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We're all the same race...human.

When Goblehook first come here, you recollect how he shook their hands, like he don't know the difference, like he might have been as black as them, but when it came to finding out Sulk was taking turkeys, he gone on and told her. I known he was taking turkeys. I could have told her myself.
O'Connor, "The Displaced Person" -- Jerz: EL150 (Intro to Literary Study)

The way that Mr. Guizac treats the blacks on the farm differs drastically with the way that both the Shortleys and Mrs. McIntyre treat them. Instead of simply expecting the black workers to do a half-ass job, to steal, and to complain, Mr. Guizac expects them to follow the same moral and work ethics as he expects himself to follow. The Shortley's and Mrs. McIntyre have a prejudiced view of blacks as they expect them to act, not as human beings with consciences, but, rather, as a group that is somehow lower than white society. Meanwhile, Mr. Guizac view the blacks truly as human beings, not caring about the color of their skin, and realizing that their color has nothing to do with their ability to make moral decisions or to work hard.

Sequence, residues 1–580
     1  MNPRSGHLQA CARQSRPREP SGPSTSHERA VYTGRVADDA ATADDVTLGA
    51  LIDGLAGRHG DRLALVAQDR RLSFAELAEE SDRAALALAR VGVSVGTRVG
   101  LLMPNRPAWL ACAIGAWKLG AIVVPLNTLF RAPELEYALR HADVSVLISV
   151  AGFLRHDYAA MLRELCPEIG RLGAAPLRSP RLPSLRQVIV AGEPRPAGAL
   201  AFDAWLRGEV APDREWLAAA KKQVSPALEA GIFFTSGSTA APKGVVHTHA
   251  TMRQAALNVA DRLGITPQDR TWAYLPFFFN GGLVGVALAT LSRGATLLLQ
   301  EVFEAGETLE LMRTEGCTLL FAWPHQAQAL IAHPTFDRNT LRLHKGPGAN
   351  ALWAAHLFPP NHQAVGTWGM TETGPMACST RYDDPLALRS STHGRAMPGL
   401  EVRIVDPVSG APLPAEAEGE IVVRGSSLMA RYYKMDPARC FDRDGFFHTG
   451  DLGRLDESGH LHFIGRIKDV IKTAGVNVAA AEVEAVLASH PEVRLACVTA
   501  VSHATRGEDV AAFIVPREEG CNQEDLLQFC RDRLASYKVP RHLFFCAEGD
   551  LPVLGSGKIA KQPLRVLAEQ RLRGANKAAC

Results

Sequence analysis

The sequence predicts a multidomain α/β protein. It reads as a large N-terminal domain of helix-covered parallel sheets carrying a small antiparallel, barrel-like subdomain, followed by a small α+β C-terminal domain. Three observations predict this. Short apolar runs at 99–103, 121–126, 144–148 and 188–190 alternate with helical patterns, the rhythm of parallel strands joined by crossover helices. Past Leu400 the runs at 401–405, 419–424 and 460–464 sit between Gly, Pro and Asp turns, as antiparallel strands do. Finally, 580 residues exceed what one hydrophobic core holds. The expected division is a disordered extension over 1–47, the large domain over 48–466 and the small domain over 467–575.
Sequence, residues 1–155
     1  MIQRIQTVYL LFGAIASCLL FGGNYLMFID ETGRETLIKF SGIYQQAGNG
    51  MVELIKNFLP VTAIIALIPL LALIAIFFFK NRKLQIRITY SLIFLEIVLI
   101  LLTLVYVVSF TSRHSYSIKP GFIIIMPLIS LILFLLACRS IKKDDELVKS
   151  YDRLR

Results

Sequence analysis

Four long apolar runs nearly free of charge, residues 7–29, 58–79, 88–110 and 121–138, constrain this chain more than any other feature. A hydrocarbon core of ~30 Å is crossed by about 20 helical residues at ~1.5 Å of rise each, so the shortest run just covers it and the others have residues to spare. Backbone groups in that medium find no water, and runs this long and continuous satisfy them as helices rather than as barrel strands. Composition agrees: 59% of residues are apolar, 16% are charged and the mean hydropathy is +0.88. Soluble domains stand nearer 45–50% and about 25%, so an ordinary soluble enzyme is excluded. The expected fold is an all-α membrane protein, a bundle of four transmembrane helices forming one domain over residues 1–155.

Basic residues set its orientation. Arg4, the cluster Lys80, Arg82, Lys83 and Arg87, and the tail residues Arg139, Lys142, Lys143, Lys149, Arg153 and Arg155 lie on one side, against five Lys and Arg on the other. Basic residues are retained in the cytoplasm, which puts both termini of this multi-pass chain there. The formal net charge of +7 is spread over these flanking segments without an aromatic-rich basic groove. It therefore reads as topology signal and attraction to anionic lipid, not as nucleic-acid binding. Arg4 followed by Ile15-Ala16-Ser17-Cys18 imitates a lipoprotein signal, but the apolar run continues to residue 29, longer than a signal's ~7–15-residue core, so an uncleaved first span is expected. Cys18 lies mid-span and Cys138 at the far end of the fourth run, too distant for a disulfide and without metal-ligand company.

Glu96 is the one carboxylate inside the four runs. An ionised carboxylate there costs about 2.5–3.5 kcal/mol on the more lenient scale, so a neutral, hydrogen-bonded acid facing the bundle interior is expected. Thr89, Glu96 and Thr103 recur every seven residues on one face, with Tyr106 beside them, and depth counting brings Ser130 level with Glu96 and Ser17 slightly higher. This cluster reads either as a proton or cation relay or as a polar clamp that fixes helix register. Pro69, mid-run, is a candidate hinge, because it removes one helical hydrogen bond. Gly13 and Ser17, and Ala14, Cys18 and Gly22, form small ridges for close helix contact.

Comments (4)

Matt Henderson:

O'Connor certainly addresses racism very powerfully in this last story. Mr. Guizac, although the most efficient person on the farm, is eventually treated as an outcast because he condones interracial marriage. The fact that his death brings about the destruction of the farm seems like a symbolic way of showing how racism really destroys everyone it touches.

Chera Pupi:

I found it interesting how O'Connor portrays this situation through the eyes of the characters though. Mr.Shortley thought it was really nice of him to consider the black people as who they really are and have been since he's known them--with limitations, not expecting more from them.

Excellent observations, Ellen and Matt.

I agree with Chera. It is interesting how we, as the readers, see Mr. Guizac through the eyes of the prejudiced characters. It definitely was evident that Mr. Shortley and Mrs. McIntyre had a low view of the blacks on the farm. It's sad how the one character that can see past all of the stereotypes is looked down upon as a result of his open-mindedness; being that all of this is through the prejudiced eyes, Mr. Guizac comes out to be the bad guy, yet he did nothing wrong.


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